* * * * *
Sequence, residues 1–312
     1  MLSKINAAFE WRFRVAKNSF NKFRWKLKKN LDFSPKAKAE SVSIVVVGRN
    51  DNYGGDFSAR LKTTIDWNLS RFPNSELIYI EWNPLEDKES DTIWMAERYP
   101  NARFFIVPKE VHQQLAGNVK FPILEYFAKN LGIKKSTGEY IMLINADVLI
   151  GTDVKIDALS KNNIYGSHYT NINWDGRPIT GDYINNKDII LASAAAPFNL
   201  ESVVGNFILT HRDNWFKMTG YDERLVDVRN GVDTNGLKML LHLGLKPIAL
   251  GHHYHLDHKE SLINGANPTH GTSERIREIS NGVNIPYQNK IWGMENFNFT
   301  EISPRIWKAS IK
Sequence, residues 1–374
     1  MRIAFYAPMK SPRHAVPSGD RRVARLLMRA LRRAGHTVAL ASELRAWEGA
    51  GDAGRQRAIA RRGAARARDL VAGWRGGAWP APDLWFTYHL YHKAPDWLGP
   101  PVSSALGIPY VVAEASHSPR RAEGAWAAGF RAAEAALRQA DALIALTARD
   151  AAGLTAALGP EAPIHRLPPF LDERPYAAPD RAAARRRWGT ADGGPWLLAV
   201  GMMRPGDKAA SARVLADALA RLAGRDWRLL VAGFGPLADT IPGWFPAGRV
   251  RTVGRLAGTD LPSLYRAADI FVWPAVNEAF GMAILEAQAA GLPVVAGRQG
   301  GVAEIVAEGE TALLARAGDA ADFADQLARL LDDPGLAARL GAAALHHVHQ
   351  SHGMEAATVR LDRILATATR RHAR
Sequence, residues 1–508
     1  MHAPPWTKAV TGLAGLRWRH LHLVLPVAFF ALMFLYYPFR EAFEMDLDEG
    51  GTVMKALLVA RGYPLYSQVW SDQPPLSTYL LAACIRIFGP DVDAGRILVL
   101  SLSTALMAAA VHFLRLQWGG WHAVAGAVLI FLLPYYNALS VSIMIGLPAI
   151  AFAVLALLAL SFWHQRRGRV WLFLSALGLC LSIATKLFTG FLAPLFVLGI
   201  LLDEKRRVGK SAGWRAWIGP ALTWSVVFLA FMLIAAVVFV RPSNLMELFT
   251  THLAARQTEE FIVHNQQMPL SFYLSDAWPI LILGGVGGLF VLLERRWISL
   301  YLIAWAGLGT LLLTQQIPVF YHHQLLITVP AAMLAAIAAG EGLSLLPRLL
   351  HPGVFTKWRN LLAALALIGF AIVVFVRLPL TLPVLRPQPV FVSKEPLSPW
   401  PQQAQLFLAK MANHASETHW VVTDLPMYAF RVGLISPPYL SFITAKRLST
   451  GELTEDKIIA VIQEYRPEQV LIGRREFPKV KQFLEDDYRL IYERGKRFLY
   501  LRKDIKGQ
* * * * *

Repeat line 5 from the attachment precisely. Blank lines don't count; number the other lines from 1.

   151  GTDVKIDALS KNNIYGSHYT NINWDGRPIT GDYINNKDII LASAAAPFNL